Alberta Health expense scandal claims former CEO
Former Capital Health CEO Sheila Weatherill has resigned from the Alberta Health Services board, Health Minister Fred Horne told media Thursday.
Weatherill offered to resign Wednesday night and Horne accepted, he announced at a news conference.
"She felt the reputation of Alberta Health Services and, even more importantly, public confidence in our health care system was the most important thing."
Weatherill served as president and chief executive officer of Capital Health in Edmonton from 1996 until 2008 when Alberta's health regions were consolidated.
As chief executive officer, Weatherill personally approved lavish expenditures by Allaudin Merali, Capital Health's former chief financial officer.
Weatherill addressed the expenses in her resignation letter that was released by Horne Thursday afternoon.
"I recognize questions have arisen about expenses, but I would like to clarify that Capital Health had appropriate expenditure policies that were consistent with other public sector organizations," she wrote.
Merali was fired Wednesday as Alberta Health Services' executive vice-president and chief financial officer, just hours before CBC News was to air a story about $350,000 in expense claims he ran up between January 2005 and August 2008.
Documents obtained by CBC News show Merali often dined out, at public expense, two or three times a week at high-end restaurants often with no explanation for the expenses other than "dinner meeting."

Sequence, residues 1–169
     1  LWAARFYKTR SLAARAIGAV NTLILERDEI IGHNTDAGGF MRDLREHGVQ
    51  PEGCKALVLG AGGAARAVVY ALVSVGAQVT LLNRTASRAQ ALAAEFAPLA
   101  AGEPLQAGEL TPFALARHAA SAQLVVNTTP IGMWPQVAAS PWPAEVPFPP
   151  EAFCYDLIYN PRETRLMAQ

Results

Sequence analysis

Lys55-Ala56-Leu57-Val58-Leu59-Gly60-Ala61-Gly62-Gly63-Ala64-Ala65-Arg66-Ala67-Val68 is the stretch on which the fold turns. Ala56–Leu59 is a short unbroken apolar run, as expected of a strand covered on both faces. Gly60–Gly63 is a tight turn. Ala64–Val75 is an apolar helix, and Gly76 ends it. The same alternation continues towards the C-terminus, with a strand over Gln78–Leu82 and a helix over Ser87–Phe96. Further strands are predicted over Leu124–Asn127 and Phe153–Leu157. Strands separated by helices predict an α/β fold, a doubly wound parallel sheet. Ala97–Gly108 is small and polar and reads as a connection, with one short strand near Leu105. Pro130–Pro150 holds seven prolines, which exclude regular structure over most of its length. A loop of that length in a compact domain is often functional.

He also spent thousands of dollars on bottles of wine and even a phone for his Mercedes Benz car.
Health minister 'outraged'
Merali worked in Ontario in 2009 where he made headlines for expensing tea, muffins and minor parking fees to EHealth Ontario while making $2,700 a day.
He was hired back at Alberta Health Services three months ago.
Horne said Thursday he is outraged by Merali's expense claims, but couldn't say if Merali will be forced to pay any money back.
Horne could not recall the meal he had with Merali at Jack's Grill on Mar. 30, 2005, when Merali picked up the $220 tab. Horne was a health consultant at the time.
Horne said he wasn't aware of Merali's controversial past when AHS hired Merali, but he wondered why the board did not either.
"I'm as dumbfounded by this as anyone else," he said. "I want to know what the board knew. I intend to find out.
"Should we have known? Yes.
"The board of Alberta Health Services and I will be having some very, very serious conversations in the weeks and months ahead," he said.
Severance pay under negotiation
Horne tread carefully around the issue of Merali's severance pay, but he promised whatever is agreed to will be made public.
The Canadian Taxpayers' Federation Scott Hennig said the scandal indicates why expenses run up by senior bureaucrats should be made public.
"This is just indicative of a system that is not transparent," he said. "You have to have hard-working reporters out there trying to file requests and dig this stuff out for it to be public. This is public information. It should be public information.
"They should be proactively disclosing this stuff well in advance of reporters asking for it."
The province charged CBC News around $500 for the documents, which were posted in their entirety on the AHS website Wednesday afternoon.
In a posting to his Twitter account on Thursday, Horne said that he directed AHS to provide a refund to the CBC. An official dropped off the uncashed cheque a few hours later.
Sheila Weatherill's resignation letter:
With files from the CBC's Charles Rusnell